•    The new home of the Parrish Art Museum in Water Mill will open its doors for the first time on Saturday, Nov. 10, the museum announced this week.

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  • Here is what we know about Hurricane Arthur and the outlook for Independence Day and beyond. There is a 100-percent probability of heavy rain from an unrelated system until about sunset Friday. Hurricane Arthur is expected to pass to the east of Montauk Point, close enough that near-tropical storm-force wind gusts are expected for the region late Friday.

    Rain and a chance of lightning will end after dark Friday, but not before as much as three inches could fall. The National Weather Service has issued warnings of flooding in low-lying areas and roadways.

  • Doing a quick spreadsheet from board of elections numbers, it appears that the makeup of the East Hampton Town Trustees is largely unchanged. Two newcomers have won seats: Brian Byrnes, who previously sought a seat as trustee, and Dennis Curles.

    The top nine are the assumed winners:

     

  • An hour after the polls closed, Carissa Katz, The Star's managing editor, reported from the Dems election night HQ in Rowdy Hall that with 7 of 19 districts' numbers brought in from the polls, unofficially, Fred Overton was in the lead for town board. Following him were Kathee Burke-Gonzalez , Job Potter, and Dominick Stanzione in the race for two open seats.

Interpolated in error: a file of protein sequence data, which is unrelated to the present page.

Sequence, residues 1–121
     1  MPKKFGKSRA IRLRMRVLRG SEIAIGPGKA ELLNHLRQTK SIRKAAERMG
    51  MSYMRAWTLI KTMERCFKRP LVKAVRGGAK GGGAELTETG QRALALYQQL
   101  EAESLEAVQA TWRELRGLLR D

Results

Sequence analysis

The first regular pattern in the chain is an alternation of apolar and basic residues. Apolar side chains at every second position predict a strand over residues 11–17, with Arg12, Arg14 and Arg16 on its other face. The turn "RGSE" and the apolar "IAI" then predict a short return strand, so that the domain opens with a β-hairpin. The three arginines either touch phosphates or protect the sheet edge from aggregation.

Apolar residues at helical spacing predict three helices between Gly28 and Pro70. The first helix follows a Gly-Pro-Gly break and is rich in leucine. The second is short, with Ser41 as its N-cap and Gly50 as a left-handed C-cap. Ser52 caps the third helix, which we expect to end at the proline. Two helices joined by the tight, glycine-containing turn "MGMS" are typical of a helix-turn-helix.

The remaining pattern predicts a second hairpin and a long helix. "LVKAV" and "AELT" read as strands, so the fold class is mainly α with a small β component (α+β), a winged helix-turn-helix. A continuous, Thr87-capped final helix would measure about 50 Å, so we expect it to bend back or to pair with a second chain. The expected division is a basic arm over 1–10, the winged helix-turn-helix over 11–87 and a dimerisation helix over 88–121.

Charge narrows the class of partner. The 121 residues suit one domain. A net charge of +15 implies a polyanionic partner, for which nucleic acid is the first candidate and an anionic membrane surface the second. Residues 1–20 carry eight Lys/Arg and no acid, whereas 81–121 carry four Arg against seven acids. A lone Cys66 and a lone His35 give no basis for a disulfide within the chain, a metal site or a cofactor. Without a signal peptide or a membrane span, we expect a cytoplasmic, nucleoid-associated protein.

• A handful of South Fork eateries are taking part in Long Island Restaurant week, which runs through Sunday.

    In East Hampton, the 1770 House, Fresno, and the Living Room @ c/o the Maidstone are offering the $27.95, three-course price fix deal. Southampton's Nammos Estiatorio, red|bar Brasserie, and Southampton Social Club are in, as is Fresh Hamptons in Bridgehampton and Noyac's Bell & Anchor.

    Participanting restaurants offer three or more choices for each course. Reservations have been suggested.

    About 150 restaurants have signed on Islandwide.

  • East Hampton's Democratic candidates have a sizeable registration edge going into Tuesday's voting, according to numbers from the Suffolk County Board of Elections.

    According to the Suffolk County Board of Elections, of the 16,116 registered voters in the town, 6,375 were listed as Democrats, compared to 4,043 Republicans.

  • The East Hampton Environmental Coalition this week posted the results of a questionnaire sent to the five candidates for East Hampton Town Board quizzing them on environmental issues.

    Questions covered issues including the candidates' backgrounds and environmental outlooks and specifics such as flood-zone planning, dark skies rules, and dealing with climate change.

  • <p>Blonde Redhead on Saturday and Small Black on Sunday on the banks of Fort Pond.</p>
  • <p>Rock the Farm, an annual summertime benefit for the Wounded Warrior Project, has announced that the English Beat will headline its July 20 concert.</p>
  • <p>An East Hampton Town permit for Ben Watts&rsquo;s Shark Attack Sounds party, slated this year for Friday, July 5, at the Montauk Yacht Club, was approved in a split 3-to-2 vote at an East Hampton Town Board meeting last Thursday.</p>